While the Hiroshima City Public Health Center had a staff of only 31, the Kure City Public Health Center started with four divisions and a staff of more than 120. The Kure center immediately set to work creating a plan for the prevention of tuberculosis, venereal diseases, parasites, and trachoma, as well as a plan for health and nutrition for mothers and children.5) On one hand, under the strict guidance and support of the occupation forces and thorough sterilization, the number of patients recorded as having legally recognized infectious diseases had dropped from 1,650 in 1944 to 603 in 1945, to 397 in 1946, and to 147 in 1947. On the other hand, tuberculosis, venereal disease and other notifiable infectious diseases were rampant. This is thought to be the reason for the implementation of these plans.

Tuberculosis, especially, had a high number of patients (and deaths), with 1,523 in 1948 (472 deaths) and 1,755 in 1949 (433 deaths). The “Kure City Public Health Center Guidelines for Tuberculosis Measures” (five-year plan) was introduced in 1949, which implemented education on tuberculosis prevention measures; tuberculin and BCG vaccinations; photofluorography for persons with strong reactions on tuberculin tests; and recuperation guidance for sufferers. In 1955, the number of patients and that of deaths were down to 924 and 137 respectively.

For venereal diseases, the Kure City Public Health Center took action by establishing a venereal disease clinic in the Center on October 11, 1949, but the number of patients with venereal diseases was still over 2,000. The situation worsened to 3,916 patients in 1951 with the Korean War, and as many as 5,469 patients in 1952. Following this, the center ordered an estimated 3,000 habitual prostitutes to form five unions and to receive regular checkups. Those who would not receive checkups were patrolled four times a week with the help of the military police of the occupation forces, and citywide crackdown was conducted with the police two or three times a month.6) However, the number of the afflicted did not drop back down to the 2,000 range until the British Commonwealth Forces Korea had completely withdrawn in 1956.7) 

4 Status of Medical Institutions and Activities after the War

Information containing the overall medical statistics for Hiroshima City before 1947 cannot be found. With regard to medical institutions in Hiroshima City in 1948, 1949, and 1950, the statistics show an increase in the number of hospitals (24 in 1948, 35 in 1949, 35 in 1950) and high fluctuations in the number of clinics (205 in 1948, 270 in 1949, 230 in 1950). Except for a drop in the number of dentists in 1949, healthcare personnel also steadily increased; physicians: 360 in 1948, 520 in 1949, 551 in 1950; dentists: 139 in 1948, 128 in 1949, 151 in 1950; nurses: 500 in 1948, 745 in 1949, 752 in 1950; midwives: 190 in 1948, 371 in 1949, 378 in 1950; public health nurses: 60 in 1948, 91 in 1949, 94 in 1950; pharmacists: 225 in 1948, 277 in 1949, 286 in 1950; and quasi-medical practitioners: 222 in 1948, 262 in 1949, 270 in 1950.8)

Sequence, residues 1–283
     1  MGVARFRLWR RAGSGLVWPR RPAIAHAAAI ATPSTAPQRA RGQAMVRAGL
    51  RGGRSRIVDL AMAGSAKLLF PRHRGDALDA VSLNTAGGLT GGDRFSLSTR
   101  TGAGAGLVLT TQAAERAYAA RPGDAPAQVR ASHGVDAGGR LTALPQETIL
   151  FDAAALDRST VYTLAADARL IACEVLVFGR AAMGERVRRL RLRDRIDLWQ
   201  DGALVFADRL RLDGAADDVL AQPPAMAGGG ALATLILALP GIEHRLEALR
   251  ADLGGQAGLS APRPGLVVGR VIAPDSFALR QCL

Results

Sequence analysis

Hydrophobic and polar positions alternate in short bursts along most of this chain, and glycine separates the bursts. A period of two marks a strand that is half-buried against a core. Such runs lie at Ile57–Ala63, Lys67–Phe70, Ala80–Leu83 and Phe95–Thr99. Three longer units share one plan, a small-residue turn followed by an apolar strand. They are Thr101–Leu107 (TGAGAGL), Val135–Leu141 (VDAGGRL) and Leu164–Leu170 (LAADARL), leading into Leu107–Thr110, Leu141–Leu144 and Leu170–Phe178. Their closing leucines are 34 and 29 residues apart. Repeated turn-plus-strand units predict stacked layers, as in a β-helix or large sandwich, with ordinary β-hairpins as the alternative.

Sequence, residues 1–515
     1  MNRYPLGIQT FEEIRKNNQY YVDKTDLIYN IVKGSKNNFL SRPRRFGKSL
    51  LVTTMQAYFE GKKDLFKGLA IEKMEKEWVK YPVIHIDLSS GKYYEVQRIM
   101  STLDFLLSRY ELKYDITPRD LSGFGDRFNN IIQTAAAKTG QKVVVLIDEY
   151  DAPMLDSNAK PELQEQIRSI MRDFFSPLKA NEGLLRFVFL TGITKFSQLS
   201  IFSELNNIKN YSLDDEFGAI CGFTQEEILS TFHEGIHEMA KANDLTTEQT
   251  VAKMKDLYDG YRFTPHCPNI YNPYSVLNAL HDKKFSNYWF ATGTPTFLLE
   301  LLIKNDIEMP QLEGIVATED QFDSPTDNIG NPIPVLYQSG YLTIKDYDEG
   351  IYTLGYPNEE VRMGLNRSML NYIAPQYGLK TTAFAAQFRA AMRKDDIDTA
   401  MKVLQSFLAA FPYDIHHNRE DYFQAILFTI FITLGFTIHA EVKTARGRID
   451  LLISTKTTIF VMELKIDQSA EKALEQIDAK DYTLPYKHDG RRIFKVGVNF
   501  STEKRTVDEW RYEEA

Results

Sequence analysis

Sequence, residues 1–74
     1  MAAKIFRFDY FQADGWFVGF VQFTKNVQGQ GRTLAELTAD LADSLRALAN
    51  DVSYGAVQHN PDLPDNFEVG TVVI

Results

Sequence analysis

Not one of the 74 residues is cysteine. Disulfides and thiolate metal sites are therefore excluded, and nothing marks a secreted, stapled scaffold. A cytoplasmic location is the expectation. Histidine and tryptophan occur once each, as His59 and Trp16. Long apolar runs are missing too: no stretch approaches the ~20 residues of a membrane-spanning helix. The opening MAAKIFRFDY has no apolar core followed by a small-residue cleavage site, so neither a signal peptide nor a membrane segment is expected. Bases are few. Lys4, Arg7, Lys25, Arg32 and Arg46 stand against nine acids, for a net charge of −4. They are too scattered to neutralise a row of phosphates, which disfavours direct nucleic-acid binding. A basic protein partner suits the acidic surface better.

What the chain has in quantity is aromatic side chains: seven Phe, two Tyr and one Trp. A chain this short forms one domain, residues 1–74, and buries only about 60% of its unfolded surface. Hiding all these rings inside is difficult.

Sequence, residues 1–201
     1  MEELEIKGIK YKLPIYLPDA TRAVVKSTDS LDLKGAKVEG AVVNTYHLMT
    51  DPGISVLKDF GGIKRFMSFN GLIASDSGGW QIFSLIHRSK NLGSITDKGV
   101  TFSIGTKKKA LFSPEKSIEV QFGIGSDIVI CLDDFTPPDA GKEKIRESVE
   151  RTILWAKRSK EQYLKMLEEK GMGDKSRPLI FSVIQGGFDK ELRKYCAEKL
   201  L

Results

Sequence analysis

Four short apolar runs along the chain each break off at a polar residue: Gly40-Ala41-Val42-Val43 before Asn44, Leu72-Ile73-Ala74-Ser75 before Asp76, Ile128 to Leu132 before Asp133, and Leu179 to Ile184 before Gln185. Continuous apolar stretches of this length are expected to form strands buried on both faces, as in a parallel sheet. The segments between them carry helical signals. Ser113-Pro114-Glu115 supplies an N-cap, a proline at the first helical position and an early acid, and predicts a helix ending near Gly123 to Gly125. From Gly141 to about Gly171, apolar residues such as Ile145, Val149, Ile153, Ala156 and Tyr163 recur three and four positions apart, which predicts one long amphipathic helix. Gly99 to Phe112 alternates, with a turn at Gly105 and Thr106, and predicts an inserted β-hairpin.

Hiroshima’s biggest medical institution, National Hiroshima Hospital, opened on December 1, 1945, following the closing of the Hiroshima Second Army Hospital’s branch hospitals, which had been established to move some of the hospital’s functions outside the city. Ten physicians, and 50 to 60 nurses and 200 inpatients were transferred to the hospital which was located on the premises of a company called Daiwabo in Ujina-machi, Hiroshima City. However, on December 5 orders were given from the occupation forces to vacate the hospital so that it could be used as a repatriation camp for Koreans in Japan. With no other choice, they moved operations to the empty barracks of the former army shipping training unit in Tanna-cho.9)

Under such circumstances, in early February 1946, the National Hiroshima Hospital were to be reopened to accept the sick and wounded as activities for the repatriation of Koreans would be completed by the end of March, and demobilization of military personnel and the repatriation of Japanese civilians would begin. From the beginning of March, the interior of the former Army Marine Headquarters building was renovated to be used as the headquarters of the hospital, three new temporary wards were built by the Ujina Repatriate Relief Bureau of the national government, and the Tanna-cho barracks were renovated, allowing them to accommodate 1,500 patients in total.

From April until late September 1946, 200 staff members dealt with anywhere between 500 to 1,000 patients disembarking from American and British hospital ships at a time. They performed cumbersome duties such as dividing and treating the patients. They were divided into those returning to their families, those transferred to other national hospitals, and those accommodated at the National Hiroshima Hospital. These patients included army personnel (1,416), navy personnel (496), and civilian repatriates (184)―2,096 people in total.10) It was reported that citizens in Hiroshima, especially A-bomb survivors, were given treatment afterwards. According to a document published in April 1947, the hospital had departments of internal medicine, surgery, obstetrics and gynecology, otorhinolaryngology, dermatology and urology, and dentistry.11)